Lazy Sunday…

Being busy is great.  It’s nice to have things to do and people to see, social events to attend and activities to fill your time with.  I live in a city, so the pace of life is pretty hectic, but I love it; it’s fun and thrilling and there is always something going on, if you just take a look around you.  Sometimes though, it’s good to just take some time out for yourself, to relax and breathe and slow down for a moment.  That’s what lazy Sundays are for, and this is very definitely a lazy Sunday.  It’s been a crazy week and between lectures and rehearsals and coursework, I just feel like there has been no time to stop.  On the plus-side, it means that I managed to get a lot done in the last seven days.  Among other things, I read several (boring) books and countless journal articles, I wrote a three thousand word essay, I went shoe-shopping (which was actually a necessity, rather than an indulgence), I met up with some old friends and I went dancing.  For the first time this academic year, I feel like I’m really living my life, not just going to university and going through the motions of academia.  In the last few weeks, just by branching out and trying new activities, I’ve met many new people and made a few new friends, and it finally feels like I have a real life in this city.

Of course, my life is not all about university; as a reminder of this, my parents came to visit me last weekend, shortly after my mum’s birthday.  It’s always a little strange, because it’s a collision of my two worlds – my university life and my life back home.  Still, that’s not to say that it’s a bad thing!  Generally, it’s an excuse to go and visit our (i.e. both mine and my parents’) favourite restaurant in the city(!)  But back to the subject in hand, I decided that for her birthday, I would make my mum a cake.

I am one of these people who finds it very difficult to buy gifts for their parents, because I never really know what they would like; they never want for anything and I don’t like to buy gifts which are generic and impersonal.  As a result, I often end up baking something instead of buying something, because to me, it is a gesture of love and affection.  To me, making something for somebody means more than just giving them the end product; it is also your time and effort and passion that goes into it, rather than just your money.  Plus, it’s personal, almost like giving part of yourself, and that’s what really counts.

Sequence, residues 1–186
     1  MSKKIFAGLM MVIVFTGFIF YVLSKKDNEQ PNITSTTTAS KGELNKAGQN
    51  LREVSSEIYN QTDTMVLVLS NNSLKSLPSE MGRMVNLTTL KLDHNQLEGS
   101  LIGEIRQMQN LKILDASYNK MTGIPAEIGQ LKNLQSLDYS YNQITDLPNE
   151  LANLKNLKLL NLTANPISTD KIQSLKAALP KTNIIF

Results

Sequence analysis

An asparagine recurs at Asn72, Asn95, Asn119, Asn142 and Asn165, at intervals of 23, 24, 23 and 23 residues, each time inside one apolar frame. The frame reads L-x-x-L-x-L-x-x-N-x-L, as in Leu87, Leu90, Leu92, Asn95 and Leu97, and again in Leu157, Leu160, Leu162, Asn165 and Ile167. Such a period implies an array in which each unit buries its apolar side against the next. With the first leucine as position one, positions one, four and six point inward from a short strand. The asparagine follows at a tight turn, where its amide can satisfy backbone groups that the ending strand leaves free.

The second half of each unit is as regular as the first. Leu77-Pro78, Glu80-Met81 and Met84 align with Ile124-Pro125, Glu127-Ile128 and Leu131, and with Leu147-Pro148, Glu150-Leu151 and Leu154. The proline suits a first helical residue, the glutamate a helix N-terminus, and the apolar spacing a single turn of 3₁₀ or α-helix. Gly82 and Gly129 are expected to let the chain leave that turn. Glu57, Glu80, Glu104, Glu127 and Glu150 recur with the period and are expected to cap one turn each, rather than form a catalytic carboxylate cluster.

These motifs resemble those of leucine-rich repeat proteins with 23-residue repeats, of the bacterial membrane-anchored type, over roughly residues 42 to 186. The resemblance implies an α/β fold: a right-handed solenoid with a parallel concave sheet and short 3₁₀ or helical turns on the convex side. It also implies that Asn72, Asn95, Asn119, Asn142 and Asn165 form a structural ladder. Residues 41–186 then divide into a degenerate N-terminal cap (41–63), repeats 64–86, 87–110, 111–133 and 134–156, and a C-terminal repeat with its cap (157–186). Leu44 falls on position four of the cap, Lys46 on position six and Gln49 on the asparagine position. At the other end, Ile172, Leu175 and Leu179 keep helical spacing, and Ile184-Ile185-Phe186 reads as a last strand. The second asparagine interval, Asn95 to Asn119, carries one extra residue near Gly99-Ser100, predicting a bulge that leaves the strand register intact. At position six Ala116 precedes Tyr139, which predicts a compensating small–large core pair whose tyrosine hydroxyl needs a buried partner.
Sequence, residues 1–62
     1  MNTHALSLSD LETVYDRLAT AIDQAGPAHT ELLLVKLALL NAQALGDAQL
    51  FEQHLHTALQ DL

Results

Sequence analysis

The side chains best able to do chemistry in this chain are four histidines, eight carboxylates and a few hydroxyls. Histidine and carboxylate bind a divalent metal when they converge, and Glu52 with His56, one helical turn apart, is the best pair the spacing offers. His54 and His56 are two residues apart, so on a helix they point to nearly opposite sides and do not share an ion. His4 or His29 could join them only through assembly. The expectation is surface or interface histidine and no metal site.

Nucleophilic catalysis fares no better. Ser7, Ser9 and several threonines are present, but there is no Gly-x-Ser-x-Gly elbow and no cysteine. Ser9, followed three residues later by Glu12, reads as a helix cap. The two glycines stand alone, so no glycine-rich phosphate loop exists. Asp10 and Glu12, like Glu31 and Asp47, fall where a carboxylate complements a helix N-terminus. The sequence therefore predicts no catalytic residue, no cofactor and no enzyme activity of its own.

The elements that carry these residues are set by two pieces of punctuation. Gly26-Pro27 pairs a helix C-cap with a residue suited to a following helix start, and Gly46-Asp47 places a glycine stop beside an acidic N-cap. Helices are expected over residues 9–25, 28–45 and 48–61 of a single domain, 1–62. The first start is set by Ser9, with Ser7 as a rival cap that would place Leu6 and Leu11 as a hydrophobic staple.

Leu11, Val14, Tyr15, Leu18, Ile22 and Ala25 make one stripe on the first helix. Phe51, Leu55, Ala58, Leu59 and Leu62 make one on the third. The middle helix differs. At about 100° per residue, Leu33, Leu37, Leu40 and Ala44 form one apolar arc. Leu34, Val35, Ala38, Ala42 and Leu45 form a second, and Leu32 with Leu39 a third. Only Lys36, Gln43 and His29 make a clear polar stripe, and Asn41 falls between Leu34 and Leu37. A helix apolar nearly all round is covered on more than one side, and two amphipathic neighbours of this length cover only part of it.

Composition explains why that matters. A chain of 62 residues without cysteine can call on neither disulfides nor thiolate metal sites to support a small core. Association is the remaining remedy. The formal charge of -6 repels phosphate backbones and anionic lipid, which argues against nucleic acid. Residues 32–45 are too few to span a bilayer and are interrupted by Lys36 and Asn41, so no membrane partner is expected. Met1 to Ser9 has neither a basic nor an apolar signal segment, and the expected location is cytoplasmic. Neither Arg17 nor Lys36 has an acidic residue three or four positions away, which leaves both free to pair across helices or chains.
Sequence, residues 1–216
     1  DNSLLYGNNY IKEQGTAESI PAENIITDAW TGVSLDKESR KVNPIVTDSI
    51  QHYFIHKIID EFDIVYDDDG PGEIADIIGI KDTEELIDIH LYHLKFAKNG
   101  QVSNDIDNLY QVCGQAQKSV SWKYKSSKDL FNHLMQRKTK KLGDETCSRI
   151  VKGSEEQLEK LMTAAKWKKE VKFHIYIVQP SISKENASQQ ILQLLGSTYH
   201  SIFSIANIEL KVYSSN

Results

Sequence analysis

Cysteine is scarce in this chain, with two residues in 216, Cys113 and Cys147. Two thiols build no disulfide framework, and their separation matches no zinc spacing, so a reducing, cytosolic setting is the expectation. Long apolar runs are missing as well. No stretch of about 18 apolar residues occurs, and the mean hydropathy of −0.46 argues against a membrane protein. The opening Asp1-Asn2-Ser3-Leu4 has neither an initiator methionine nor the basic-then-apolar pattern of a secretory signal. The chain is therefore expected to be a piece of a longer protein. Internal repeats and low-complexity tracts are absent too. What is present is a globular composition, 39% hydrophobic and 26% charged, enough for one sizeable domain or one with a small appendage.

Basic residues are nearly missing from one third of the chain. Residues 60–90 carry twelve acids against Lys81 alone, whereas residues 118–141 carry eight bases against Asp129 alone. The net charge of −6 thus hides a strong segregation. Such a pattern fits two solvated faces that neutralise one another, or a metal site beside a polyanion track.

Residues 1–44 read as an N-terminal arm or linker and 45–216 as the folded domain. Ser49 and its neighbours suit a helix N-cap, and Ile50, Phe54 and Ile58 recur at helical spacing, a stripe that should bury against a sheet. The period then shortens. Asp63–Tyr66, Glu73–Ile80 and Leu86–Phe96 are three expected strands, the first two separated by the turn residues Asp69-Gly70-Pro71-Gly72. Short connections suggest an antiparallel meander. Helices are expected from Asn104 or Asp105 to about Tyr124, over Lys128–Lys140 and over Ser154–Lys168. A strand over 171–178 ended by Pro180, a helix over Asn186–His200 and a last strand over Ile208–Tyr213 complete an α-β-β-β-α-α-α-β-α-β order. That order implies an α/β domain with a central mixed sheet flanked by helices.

This time around, I decided to branch out a little and experiment with something new.  My mum is familiar with my repertoire of cakes and bakes, from vanilla sponge and banana loaf to lemon poppyseed cake and chocolate brownies, so I thought it would be fun to mix things up a little.  I eventually decided on a chestnut and chocolate truffle cake, just conservative enough to be familiar (in the chocolate aspect) and exciting enough to be new (the chestnut and truffle cake part).

Chestnut and chocolate truffle cake – 12/11/2011

The recipe is for a flourless cake, which I had never attempted before, but as a first attempt, it was mostly successful!  At any rate, the cake was rich and dense, almost fudge-like and intensely chocolate-flavoured, which was good.  For me, the only aspect that let it down was the finish, which was really due to an error of judgement on my part.

I decided that, for an extra little flourish, I would cover the torte with ganache and add some piping detail in chocolate.  The only problem is, truffle cake is not a medium which lends itself to a clean finish, as I learned after pouring over the ganache.  Its unstable nature means that it is prone to cracking and imperfections (as you may be able to see in the photo above).  This meant that the chocolate simply sank into the cake, leaving uneven dips and lines on the surface.  The piping work was also not as well-done as I would have liked, but having never piped with chocolate before, this is probably more due to inexperience than anything else.

Overall however, while the appearance may have let it down (for me as its creator more than anyone else, I think), it was still a good cake and the most important thing is that my mum loved it.  Surely that’s enough to make it a success?  I think so.

(Recipe for chestnut and chocolate truffle cake by Hugh Fearnley-Whittingstall.)

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